Carter Begins Cancer Treatment Immediately
ATLANTA (AP) — Former President Jimmy Carter announced Thursday that his cancer showed up in four small spots on his brain and he will immediately begin radiation treatment, saying he is "at ease with whatever comes."
"I'm ready for anything and looking forward to a new adventure," said Carter, appearing upbeat and making jokes as he openly talked about his cancer during a news conference.
So far, the pain has been "very slight" and Carter said he hasn't felt any weakness or debility. Still, he will dramatically cut back on his work with the Carter Center and will give the treatment regimen his "top priority." His first radiation treatment was set for Thursday afternoon.
Carter, in a dark blazer, red tie and jeans and surrounded by friends and family, said at first he thought the cancer was confined to his liver. He thought an operation Aug. 3 had completely removed it, "so I was quite relieved."
But that same afternoon, an MRI showed it was on his brain.
"I just thought I had a few weeks left, but I was surprisingly at ease. I've had a wonderful life," the 90-year-old Carter said. "It's in God's hands. I'll be prepared for anything that comes."
He didn't give any prognosis, but spoke about receiving three months of treatments and cast doubt on the possibility of traveling to Nepal in November to build houses for Habitat for Humanity, a Georgia-based organization he has worked with for decades. He said other family members may have to represent him there.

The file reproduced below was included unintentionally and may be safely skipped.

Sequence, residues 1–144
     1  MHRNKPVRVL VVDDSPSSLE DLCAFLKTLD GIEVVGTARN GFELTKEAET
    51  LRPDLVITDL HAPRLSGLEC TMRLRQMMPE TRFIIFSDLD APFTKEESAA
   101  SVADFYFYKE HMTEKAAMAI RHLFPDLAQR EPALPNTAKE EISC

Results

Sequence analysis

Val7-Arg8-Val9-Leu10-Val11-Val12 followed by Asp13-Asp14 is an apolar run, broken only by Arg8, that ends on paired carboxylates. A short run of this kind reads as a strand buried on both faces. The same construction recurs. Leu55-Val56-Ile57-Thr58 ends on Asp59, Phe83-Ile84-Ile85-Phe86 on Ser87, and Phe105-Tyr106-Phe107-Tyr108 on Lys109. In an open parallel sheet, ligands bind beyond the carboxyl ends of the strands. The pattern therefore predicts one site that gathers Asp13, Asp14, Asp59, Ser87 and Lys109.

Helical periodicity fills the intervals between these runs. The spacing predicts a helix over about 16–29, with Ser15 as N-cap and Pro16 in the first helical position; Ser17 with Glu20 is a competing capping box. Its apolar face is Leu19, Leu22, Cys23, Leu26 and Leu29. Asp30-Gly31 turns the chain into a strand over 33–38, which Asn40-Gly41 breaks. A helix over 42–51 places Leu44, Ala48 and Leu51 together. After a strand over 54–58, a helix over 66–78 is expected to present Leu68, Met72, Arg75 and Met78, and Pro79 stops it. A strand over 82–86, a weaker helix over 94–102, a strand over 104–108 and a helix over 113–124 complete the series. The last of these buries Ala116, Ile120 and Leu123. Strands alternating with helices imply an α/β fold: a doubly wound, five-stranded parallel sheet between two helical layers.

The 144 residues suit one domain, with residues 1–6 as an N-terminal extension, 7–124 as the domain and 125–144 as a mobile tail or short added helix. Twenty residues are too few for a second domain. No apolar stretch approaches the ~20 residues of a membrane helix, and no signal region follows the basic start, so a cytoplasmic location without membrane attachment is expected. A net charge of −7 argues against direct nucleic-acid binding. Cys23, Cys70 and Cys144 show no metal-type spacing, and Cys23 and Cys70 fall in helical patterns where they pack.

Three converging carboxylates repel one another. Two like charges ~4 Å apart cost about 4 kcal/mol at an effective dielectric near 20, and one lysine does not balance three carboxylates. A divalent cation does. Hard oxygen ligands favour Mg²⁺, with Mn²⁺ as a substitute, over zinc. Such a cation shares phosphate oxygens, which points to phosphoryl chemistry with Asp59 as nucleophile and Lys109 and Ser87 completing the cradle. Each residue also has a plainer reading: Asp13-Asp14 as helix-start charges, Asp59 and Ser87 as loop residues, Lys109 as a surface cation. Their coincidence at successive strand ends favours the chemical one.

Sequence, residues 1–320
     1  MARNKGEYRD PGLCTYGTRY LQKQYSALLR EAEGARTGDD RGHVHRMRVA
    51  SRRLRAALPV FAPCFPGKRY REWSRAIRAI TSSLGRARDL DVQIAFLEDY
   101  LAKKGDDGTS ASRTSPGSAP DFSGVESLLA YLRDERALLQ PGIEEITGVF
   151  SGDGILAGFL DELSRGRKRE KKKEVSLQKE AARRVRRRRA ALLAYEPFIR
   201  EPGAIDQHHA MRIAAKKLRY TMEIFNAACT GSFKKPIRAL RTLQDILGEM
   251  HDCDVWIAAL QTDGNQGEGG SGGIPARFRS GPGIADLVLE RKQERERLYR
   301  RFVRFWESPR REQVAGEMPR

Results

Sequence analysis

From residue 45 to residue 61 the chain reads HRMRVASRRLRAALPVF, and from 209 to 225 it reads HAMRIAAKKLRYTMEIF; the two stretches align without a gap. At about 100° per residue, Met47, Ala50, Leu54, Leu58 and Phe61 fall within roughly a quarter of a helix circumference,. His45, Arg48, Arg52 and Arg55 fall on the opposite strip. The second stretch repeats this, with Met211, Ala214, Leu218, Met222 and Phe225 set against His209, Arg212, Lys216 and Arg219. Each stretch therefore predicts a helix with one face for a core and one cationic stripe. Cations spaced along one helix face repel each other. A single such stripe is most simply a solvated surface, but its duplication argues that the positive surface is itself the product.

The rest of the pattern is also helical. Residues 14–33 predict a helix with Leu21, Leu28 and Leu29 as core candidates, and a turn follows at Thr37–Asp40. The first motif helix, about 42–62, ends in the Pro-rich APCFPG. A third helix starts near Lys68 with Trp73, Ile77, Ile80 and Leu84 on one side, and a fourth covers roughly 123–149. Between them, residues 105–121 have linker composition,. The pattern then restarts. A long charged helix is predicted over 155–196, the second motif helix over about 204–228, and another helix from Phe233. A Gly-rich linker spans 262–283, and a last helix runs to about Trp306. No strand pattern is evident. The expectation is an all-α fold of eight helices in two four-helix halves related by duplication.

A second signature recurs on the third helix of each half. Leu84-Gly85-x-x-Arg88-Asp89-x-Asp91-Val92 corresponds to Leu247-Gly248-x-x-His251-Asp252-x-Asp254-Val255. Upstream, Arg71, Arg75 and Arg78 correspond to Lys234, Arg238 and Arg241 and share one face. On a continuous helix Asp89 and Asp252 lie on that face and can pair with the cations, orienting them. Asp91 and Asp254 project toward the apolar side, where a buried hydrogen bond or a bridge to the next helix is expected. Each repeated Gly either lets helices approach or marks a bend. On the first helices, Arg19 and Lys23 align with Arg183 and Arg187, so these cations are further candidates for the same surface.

A small cancerous mass was removed Aug. 3 along with about a tenth of his liver and doctors believe they got rid of all the cancer there, Carter said.
It's still not clear exactly where the cancer originated, although with melanoma, he's told that 98 percent of the time it develops first in the skin. He also said that the rest of his body will be scanned repeatedly for months to come and that more cancers may show up elsewhere. The cancer spots on his brain are about 2 millimeters in size.
His father, brother and two sisters died of pancreatic cancer. His mother also had the disease. Carter, who had been tested for pancreatic cancer, said no cancer has been found there so far.
What the former president has, he said, is melanoma, and experts say his lifelong activities may have increased his risk for skin cancer. He lives in the South, is fair-skinned and freckled, and through Habitat for Humanity and travel, has spent a lot of time outdoors, noted Dr. Anna Pavlick, co-director of the melanoma program at NYU's Laura & Isaac Perlmutter Cancer Center.
Carter said the radiation will focus on the tumors in his brain, and he has already begun receiving a drug to boost his immune system.